Acknowledge the extras: Your mailman. The person making your double fat soy latte at Starbucks. The maintenance guy in your building, and the landscapers for your lawn. The server at your favorite restaurant. Any military service man or women. These people are all extras in the movie of your life. I find that these people really appreciate it when others take a moment to say a kind word, an acknowledgement, or just a simple hello. You’ll feel better too, I promise, and your niceness wil grow.
Offer the apology: Always apologize when you screw up. It’s the right thing to do; it shows respect, contrition, and an awareness of the slight. Even if the person doesn’t accept the apology, which is their right, it doesn’t matter. By apologizing, you are doing as much as you can do on a basic level. It’s not always even about right or wrong; it’s about acknowledging that you are sorry about the situation at the very least. It’s also the high road, which is always better than the low road. You can always see better from the high ground. Always.
Integrity: if you say you’re going to do something, then you really need to do it. People need to trust and believe in your word. You will have a very difficult time getting people to trust and believe in you if your word is sh*t. It’s not easy. Things happen, and life is complicated. In fact, it’s not easy to have 100% integrity 100% of the time. Everyone has done or not done things that they regret. But the person with integrity steps up and takes responsibility. They understand where the shortcoming is or was, and make an effort to remedy it. In general, if you say what you mean, mean what you say, and do what you’ve agreed to do. Then you’ll be fine. And yeah, nice.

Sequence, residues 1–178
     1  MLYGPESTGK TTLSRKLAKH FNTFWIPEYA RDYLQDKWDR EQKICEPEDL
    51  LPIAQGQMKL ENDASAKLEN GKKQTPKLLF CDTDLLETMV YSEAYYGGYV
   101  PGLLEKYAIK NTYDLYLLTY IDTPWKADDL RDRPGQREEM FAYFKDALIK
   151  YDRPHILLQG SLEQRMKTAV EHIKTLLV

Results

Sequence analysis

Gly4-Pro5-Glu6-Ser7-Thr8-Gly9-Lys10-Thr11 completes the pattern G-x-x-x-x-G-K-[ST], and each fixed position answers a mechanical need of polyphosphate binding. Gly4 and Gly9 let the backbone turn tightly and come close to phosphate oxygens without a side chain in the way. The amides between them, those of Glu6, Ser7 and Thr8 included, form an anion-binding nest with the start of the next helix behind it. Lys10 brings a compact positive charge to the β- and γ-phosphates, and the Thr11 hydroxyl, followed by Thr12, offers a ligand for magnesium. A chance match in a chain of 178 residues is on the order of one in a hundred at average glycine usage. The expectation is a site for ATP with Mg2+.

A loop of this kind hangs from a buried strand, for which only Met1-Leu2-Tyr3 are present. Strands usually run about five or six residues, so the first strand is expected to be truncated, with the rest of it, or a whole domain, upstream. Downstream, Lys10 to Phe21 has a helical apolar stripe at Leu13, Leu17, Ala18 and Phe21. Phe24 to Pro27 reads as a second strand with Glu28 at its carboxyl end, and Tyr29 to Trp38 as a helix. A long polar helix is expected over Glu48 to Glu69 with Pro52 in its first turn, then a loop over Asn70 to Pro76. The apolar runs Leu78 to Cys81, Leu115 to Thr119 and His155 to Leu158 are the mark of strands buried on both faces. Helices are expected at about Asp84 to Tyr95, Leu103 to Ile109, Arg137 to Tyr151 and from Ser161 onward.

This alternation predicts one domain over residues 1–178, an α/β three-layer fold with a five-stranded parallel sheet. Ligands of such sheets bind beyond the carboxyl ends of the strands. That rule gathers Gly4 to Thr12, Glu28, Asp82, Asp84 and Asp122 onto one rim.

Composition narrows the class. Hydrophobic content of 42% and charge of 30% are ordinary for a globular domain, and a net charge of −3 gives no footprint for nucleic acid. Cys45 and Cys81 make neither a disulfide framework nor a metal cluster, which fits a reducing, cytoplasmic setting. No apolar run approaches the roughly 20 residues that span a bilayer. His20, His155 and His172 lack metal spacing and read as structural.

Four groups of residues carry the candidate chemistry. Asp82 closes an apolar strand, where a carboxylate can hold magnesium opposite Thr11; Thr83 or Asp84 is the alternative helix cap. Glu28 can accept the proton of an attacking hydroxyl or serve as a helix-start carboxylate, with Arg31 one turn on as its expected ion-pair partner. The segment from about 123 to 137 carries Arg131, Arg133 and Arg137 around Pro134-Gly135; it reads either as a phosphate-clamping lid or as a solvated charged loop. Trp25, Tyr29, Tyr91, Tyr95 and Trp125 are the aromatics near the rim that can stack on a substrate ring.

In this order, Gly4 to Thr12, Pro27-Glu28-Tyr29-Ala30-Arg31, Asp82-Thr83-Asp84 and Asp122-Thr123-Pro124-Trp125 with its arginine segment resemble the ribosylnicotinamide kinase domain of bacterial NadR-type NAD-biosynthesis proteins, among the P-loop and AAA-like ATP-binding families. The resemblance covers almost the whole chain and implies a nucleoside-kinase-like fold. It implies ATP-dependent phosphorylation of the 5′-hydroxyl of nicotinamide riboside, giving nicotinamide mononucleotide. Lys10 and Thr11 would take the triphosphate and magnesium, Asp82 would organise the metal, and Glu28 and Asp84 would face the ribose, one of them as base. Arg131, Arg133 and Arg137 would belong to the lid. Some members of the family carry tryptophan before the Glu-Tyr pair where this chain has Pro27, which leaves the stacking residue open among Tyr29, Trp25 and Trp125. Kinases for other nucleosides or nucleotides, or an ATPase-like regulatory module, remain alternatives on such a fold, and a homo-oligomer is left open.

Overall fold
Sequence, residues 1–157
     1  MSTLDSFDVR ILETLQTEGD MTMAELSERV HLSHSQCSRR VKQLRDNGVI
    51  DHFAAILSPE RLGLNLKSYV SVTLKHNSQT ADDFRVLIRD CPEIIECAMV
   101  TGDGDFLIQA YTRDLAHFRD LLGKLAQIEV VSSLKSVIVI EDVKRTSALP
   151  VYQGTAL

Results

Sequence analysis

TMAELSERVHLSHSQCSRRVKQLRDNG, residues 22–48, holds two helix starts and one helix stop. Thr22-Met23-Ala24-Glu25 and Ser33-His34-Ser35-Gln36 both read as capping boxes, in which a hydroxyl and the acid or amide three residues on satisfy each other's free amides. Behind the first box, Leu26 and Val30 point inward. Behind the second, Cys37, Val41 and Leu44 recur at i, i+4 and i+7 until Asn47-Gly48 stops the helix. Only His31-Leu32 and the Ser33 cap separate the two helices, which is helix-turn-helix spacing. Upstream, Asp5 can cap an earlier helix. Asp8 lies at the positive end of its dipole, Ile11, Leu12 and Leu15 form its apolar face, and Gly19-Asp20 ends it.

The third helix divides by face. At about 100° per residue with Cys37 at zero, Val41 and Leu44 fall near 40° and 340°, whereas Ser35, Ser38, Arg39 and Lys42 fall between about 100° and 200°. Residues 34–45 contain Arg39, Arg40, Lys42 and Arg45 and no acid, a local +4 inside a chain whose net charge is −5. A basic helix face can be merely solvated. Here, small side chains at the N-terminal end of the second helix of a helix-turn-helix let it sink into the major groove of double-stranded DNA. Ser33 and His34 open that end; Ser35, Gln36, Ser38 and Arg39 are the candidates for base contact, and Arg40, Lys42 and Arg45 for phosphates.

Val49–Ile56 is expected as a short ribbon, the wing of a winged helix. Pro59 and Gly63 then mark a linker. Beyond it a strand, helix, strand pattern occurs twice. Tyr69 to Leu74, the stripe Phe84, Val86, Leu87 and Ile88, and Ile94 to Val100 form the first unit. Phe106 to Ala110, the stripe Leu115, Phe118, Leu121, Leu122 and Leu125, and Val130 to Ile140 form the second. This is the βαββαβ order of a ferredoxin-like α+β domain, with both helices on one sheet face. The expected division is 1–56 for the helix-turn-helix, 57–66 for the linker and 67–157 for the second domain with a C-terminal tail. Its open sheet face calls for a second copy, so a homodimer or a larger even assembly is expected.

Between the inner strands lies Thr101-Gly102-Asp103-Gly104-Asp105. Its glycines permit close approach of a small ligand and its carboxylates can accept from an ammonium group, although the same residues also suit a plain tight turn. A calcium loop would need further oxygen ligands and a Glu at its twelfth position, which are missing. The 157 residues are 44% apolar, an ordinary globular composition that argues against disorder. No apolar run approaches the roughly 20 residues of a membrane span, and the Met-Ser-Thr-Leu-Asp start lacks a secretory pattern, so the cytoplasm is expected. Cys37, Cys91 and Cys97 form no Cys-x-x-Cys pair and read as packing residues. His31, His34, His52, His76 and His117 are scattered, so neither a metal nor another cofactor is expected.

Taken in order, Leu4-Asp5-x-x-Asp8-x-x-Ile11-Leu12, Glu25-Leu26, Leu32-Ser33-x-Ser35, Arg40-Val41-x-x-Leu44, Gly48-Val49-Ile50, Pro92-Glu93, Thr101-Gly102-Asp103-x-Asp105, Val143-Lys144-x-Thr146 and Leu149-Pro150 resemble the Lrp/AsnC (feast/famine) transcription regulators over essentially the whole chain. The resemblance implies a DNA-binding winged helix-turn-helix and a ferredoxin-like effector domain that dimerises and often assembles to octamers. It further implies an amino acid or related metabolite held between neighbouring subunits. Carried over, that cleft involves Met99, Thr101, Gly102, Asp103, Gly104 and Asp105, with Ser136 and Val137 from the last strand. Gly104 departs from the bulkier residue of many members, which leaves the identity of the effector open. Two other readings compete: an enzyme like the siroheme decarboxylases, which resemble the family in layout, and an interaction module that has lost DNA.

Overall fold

Have some empathy: Look, life is hard. Everybody has his or her own issues. Everybody has suffered loss. Everybody has a past. We are all human beings, and that very fact means that there is a complex web of past, present, and future woven within the fabric of each and every one of us. It’s important to have empathy for the plight of others; it’s the same thing you would want, right? The easiest way to have empathy is to, as trite as it sounds, imagine what it must be like to be that person. Then cut them some slack. Empathy means a great deal to me, because I like to think that I have a great deal of it–so much, in fact, that I usually try and take it a step further, and I am always trying to help the people around me. A kind word, sometimes with a big ear, and sometimes a small mouth. Highlighting possibilities for change that they may not have thought about. But most importantly, more understanding, and less judgments.
In conclusion, I think that being nice is a state of mind that requires all of the aforementioned thoughts, plus everything else that I haven’t learned yet, but will instinctively know the minute I feel it. Being nice makes you a person people want to be around. Being nice makes you someone that people appreciate. Being nice makes you a person whose back other people have. Being nice is the universal key to happiness in your life and around the world. So, I ask, why not be nice? It makes the world a better place, and it starts with one friendly hello at a time.